“The challenge now is for charities to capture the giving momentum and sector-wide positive attributes of increased awareness of charities and of Gift Aid in a big enough way to over-ride any negative impact of reductions in donations on an organisation-by-organisation basis.” The Institute asked fundraisers about the short-term effect of the tsunami appeal. Nearly nearly 40% respondents had noticed a change in income over the past month: 21.2% respondents cited a decrease in income (averaging 30%) and 18.4% report an increase in income (averaging 40%). Of those organisations that have noticed a change in income, over two-thirds (69%) attributed the change to the tsunami appeal. That said, over half had either not noticed a change (23%), or said that it was too early to tell (35%). Yet these respondents are not optimistic: 64.1% of those that have not noticed an income change and 54% of those that say it is too early to tell think that there will be a negative impact to their fundraising income this year. Lindsay Boswell suggested that these charities were being overly pessimistic:“this large number of charities that have experienced no change in income during January, but expect to see a downturn in income over forthcoming months, would suggest that the sector is more worried than we have need to be. Some charities have been affected more than others, but overall, it seems that fear is greater than the actual bottom line impact”.Given that a range of charities have launched or benefited from tsunami-related appeals, 10% of respondents reported an increase in fundraising income in the last month which they attributed to the tsunami appeal. Of those respondents, 73% worked for organisations that were either members of the Disasters Emergency Committee or had been involved in another tsunami appeal.Perhaps not surprisingly, 41% of respondents that had noticed a positive change attributable to the tsunami thought the impact of the tsunami appeal would be positive in the long-term. This compares to 31.1% of overall respondents that thought there would be a positive change in the long-term.Most fundraisers did not believe that the impact of the tsunami appeals would last long. Only 20% of respondents that had noticed a positive change in income thought that this trend would continue into the next financial year, while 40% of those who had noted a negative change in income thought this trend may continue. But only a third of that 40% thought that the tsunami appeal would have a negative impact on their organisation’s fundraising in the long-term.There was a widespread belief, or at least hope, that the tsunami appeals would yield sector-wide benefits:57% said that the appeal could raise the profile of the sector54% said there is an opportunity to tap into the ‘feel-good’ factor27% said there is an opportunity to increase take-up of Gift AidFundraisers said that their biggest concerns were that current individual donors will reduce/stop their donations (31.7%), it will be harder to attract new donors (28.7%), and that corporate donors will reduce / stop their gifts (26.3%).When asked to choose whether the impact of the tsunami appeals would be good or bad for their fundraising, 56% of respondents gave their views of these 55% thought the overall impact would be positive, and 45% that it would be negative. The survey found that the smaller the charity (ie. those with a fundraising income of under £1 million), the greater the concern about the longer-term impact of the tsunami appeals. Only 24% of smaller charities (compared to 37.7% of larger charities) thought the overall long-term effect of the tsunami appeal would be positive.The Institute of Fundraising’s online survey was carried out one month after the tsunami disaster. It attracted 293 respondents, who represent organisations with £1.5 billion of fundraising income. Of these, 20% had an annual income of under £250,000 and 48% raised over £1 million a year. Also, 15.4% of respondents were either members of the DEC or had launched a tsunami-related fundraising appeal of their own within the last month.The Institute plans to repeat the survey in June 2005, six months on, to track the longer term impact of the tsunami appeals on other charities. 17 total views, 1 views today AddThis Sharing ButtonsShare to TwitterTwitterShare to FacebookFacebookShare to LinkedInLinkedInShare to EmailEmailShare to WhatsAppWhatsAppShare to MessengerMessengerShare to MoreAddThis AddThis Sharing ButtonsShare to TwitterTwitterShare to FacebookFacebookShare to LinkedInLinkedInShare to EmailEmailShare to WhatsAppWhatsAppShare to MessengerMessengerShare to MoreAddThis Long-term impact of tsunami appeal could be beneficial, says Institute survey About Howard Lake Howard Lake is a digital fundraising entrepreneur. Publisher of UK Fundraising, the world’s first web resource for professional fundraisers, since 1994. Trainer and consultant in digital fundraising. Founder of Fundraising Camp and co-founder of GoodJobs.org.uk. Researching massive growth in giving. Howard Lake | 22 February 2005 | News An online survey by the Institute of Fundraising has found that, despite worries about the tsunami appeal’s short-term impact, 84% of charities think that the appeal could, in some way, positively impact their organisation over the long-term.The Institute has announced the results of its first survey of members’ reaction to the remarkable success of the recent tsunami emergency appeals.Lindsay Boswell, Chief Executive of the Institute of Fundraising, said: “while it’s too early to identify the long-term effects of the tsunami appeal on UK charities, it’s clear that organisations are largely concerned about how the tsunami appeal has affected their bottom line over the short term, but recognise the longer-term, sector-wide benefits of such a large-scale fundraising initiative. Advertisement Tagged with: Giving/Philanthropy Research / statistics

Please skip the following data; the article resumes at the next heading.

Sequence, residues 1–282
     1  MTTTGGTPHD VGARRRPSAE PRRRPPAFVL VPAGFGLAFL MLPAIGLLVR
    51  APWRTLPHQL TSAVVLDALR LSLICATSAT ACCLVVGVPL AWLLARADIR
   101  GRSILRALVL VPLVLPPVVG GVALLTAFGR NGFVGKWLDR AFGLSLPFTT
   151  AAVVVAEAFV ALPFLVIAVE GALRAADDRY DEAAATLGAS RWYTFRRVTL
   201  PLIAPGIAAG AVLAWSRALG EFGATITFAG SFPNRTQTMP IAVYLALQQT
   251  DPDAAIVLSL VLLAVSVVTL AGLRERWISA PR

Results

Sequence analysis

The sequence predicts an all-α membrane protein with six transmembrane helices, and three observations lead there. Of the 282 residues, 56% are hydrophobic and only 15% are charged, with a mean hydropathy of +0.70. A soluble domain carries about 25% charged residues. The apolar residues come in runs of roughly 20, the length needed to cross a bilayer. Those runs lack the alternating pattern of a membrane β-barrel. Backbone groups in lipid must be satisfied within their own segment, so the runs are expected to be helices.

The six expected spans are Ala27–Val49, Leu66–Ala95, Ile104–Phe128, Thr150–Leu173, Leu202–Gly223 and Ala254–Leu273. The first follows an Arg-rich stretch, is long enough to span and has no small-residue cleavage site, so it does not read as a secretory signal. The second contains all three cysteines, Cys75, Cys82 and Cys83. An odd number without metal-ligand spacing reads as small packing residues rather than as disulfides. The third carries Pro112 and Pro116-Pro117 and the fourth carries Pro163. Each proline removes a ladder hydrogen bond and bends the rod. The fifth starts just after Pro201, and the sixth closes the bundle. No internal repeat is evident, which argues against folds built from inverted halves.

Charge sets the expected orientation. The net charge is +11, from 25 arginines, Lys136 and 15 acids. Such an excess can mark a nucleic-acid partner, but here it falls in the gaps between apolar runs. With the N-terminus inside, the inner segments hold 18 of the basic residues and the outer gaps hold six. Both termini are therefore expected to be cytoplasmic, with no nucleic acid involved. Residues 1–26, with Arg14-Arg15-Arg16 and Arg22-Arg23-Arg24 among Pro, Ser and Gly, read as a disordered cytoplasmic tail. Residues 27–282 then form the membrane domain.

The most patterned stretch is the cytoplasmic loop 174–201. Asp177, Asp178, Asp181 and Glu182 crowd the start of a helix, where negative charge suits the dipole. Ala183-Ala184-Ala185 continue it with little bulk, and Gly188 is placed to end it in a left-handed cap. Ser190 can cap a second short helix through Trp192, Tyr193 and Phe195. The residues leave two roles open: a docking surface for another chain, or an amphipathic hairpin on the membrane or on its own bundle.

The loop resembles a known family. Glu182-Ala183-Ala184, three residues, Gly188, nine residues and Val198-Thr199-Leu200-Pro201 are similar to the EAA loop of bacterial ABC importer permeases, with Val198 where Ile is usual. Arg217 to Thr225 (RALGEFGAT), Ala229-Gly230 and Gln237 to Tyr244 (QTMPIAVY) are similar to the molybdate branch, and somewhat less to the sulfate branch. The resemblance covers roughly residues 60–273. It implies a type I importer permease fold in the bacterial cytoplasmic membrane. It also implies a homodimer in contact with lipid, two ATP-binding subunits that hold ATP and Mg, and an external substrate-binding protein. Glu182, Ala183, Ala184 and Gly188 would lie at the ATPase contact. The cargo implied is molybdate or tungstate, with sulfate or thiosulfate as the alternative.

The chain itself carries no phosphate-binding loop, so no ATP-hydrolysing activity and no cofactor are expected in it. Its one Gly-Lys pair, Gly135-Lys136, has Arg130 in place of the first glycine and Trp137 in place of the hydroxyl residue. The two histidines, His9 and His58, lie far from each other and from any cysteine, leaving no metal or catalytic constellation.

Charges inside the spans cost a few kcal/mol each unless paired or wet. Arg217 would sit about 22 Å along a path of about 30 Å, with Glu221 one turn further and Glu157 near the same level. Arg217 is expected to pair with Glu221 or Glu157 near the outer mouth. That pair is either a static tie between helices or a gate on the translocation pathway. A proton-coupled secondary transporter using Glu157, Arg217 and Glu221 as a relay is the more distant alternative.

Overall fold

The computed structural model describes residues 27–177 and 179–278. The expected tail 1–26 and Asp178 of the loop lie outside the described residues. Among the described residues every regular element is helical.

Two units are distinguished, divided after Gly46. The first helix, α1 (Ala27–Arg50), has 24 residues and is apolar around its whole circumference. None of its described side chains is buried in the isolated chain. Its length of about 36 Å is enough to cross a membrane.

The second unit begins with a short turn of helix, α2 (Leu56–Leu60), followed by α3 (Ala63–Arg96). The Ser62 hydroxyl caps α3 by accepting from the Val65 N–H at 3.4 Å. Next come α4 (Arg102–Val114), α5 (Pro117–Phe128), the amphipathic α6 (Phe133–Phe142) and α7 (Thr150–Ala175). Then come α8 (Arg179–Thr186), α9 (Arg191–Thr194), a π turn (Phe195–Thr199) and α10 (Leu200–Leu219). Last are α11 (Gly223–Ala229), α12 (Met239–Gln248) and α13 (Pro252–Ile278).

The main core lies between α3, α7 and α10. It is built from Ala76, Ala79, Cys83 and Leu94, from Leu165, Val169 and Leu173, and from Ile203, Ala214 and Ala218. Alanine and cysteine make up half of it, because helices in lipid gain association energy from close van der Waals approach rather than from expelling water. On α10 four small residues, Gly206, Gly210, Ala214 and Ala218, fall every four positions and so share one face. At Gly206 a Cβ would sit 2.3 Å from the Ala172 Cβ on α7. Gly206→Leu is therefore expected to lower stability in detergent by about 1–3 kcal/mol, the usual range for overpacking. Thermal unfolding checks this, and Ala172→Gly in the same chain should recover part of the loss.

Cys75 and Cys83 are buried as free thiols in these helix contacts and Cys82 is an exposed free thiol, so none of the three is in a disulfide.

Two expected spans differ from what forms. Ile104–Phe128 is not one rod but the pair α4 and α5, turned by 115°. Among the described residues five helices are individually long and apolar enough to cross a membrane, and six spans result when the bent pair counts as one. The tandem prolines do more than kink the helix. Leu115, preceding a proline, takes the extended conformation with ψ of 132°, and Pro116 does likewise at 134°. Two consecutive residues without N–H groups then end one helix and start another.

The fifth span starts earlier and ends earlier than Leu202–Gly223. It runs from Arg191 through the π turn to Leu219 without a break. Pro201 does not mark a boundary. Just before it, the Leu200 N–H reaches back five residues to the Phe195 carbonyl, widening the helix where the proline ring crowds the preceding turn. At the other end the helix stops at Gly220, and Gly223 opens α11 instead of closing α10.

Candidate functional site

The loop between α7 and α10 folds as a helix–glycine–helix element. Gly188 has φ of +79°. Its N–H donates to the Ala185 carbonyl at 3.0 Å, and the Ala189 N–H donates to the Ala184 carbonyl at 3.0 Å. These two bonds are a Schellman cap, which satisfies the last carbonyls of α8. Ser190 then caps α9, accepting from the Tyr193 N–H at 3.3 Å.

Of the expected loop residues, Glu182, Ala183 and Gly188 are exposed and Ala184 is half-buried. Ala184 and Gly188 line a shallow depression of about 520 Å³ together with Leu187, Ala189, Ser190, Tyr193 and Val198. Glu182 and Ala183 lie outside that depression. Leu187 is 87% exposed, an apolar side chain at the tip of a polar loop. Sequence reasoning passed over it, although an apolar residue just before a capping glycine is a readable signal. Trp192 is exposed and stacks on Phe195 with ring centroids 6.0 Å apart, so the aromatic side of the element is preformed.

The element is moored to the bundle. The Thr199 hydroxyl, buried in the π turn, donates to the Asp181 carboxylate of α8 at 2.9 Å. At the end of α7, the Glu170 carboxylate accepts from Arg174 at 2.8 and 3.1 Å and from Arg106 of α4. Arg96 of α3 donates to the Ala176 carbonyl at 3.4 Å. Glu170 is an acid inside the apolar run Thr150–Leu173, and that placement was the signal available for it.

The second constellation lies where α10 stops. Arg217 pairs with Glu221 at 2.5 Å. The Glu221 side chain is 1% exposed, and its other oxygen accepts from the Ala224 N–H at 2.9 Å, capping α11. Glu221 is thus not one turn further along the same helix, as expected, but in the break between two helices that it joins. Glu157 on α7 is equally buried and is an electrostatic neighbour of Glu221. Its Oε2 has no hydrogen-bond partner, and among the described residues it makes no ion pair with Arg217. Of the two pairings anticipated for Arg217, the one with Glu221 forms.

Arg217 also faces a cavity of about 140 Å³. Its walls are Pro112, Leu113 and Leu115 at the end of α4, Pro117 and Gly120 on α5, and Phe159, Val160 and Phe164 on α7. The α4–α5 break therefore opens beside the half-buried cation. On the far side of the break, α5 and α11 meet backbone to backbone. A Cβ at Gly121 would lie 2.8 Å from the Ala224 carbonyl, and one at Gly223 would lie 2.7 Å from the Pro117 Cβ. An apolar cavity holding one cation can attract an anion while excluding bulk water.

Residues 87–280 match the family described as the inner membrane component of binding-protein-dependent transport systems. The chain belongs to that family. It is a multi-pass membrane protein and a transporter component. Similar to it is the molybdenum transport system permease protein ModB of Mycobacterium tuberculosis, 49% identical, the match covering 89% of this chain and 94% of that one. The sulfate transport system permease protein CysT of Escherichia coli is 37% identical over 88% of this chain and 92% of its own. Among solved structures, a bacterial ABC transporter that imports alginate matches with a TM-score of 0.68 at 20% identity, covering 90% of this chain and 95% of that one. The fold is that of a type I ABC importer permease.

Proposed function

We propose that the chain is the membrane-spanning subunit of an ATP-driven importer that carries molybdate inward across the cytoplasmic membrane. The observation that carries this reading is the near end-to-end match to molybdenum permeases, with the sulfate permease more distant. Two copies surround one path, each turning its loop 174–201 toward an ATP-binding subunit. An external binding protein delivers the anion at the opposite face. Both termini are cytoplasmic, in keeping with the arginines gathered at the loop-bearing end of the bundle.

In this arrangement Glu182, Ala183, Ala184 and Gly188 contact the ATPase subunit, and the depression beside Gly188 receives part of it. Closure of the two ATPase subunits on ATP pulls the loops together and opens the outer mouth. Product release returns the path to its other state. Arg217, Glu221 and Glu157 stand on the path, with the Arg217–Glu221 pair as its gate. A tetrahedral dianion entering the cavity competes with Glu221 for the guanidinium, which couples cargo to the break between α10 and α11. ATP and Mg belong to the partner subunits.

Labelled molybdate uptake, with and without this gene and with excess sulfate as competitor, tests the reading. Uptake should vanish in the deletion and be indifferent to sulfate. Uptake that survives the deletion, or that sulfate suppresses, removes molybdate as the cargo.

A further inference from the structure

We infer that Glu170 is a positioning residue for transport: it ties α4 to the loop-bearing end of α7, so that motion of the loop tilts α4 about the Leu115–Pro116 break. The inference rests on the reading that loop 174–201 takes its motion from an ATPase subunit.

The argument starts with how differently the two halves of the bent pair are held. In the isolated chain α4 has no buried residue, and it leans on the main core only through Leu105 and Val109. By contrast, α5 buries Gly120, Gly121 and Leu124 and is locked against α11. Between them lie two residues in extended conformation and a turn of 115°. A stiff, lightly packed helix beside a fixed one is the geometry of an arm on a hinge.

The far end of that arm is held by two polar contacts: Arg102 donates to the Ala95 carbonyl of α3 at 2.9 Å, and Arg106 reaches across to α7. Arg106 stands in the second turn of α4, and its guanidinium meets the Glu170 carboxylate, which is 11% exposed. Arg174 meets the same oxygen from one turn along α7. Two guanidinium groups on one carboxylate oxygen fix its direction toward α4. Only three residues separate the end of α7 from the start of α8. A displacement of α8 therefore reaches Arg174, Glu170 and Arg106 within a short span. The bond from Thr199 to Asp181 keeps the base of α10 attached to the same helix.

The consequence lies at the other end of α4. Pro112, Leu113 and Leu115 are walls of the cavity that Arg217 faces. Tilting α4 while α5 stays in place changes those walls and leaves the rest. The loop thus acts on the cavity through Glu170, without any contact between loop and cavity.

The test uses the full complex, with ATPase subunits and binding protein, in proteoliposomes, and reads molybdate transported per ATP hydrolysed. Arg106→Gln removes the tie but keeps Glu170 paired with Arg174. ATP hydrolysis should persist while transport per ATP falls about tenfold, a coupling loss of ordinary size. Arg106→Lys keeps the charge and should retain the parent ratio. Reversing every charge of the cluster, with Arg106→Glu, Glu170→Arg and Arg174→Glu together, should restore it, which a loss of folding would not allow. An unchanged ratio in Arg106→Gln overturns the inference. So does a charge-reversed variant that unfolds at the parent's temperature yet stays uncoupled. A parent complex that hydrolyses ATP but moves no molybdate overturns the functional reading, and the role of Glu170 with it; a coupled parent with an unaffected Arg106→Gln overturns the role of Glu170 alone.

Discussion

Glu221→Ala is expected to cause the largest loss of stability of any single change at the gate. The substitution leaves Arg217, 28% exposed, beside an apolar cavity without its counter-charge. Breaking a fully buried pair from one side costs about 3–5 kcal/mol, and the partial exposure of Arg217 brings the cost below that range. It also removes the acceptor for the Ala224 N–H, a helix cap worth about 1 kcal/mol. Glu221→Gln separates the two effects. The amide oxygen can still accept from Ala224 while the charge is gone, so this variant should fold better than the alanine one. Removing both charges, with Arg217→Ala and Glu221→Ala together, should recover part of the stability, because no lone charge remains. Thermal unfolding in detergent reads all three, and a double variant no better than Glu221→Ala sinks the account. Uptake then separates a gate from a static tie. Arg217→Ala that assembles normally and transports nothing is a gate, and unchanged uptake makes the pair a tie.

13 total views, 1 views today AddThis Sharing ButtonsShare to TwitterTwitterShare to FacebookFacebookShare to LinkedInLinkedInShare to EmailEmailShare to WhatsAppWhatsAppShare to MessengerMessengerShare to MoreAddThis AddThis Sharing ButtonsShare to TwitterTwitterShare to FacebookFacebookShare to LinkedInLinkedInShare to EmailEmailShare to WhatsAppWhatsAppShare to MessengerMessengerShare to MoreAddThis About Howard Lake Howard Lake is a digital fundraising entrepreneur. Publisher of UK Fundraising, the world’s first web resource for professional fundraisers, since 1994. Trainer and consultant in digital fundraising. Founder of Fundraising Camp and co-founder of GoodJobs.org.uk. Researching massive growth in giving. Pinpointing Affluence in the 21st Century: Increasing Your Share of Major Donor Dollars Howard Lake | 22 November 2007 | News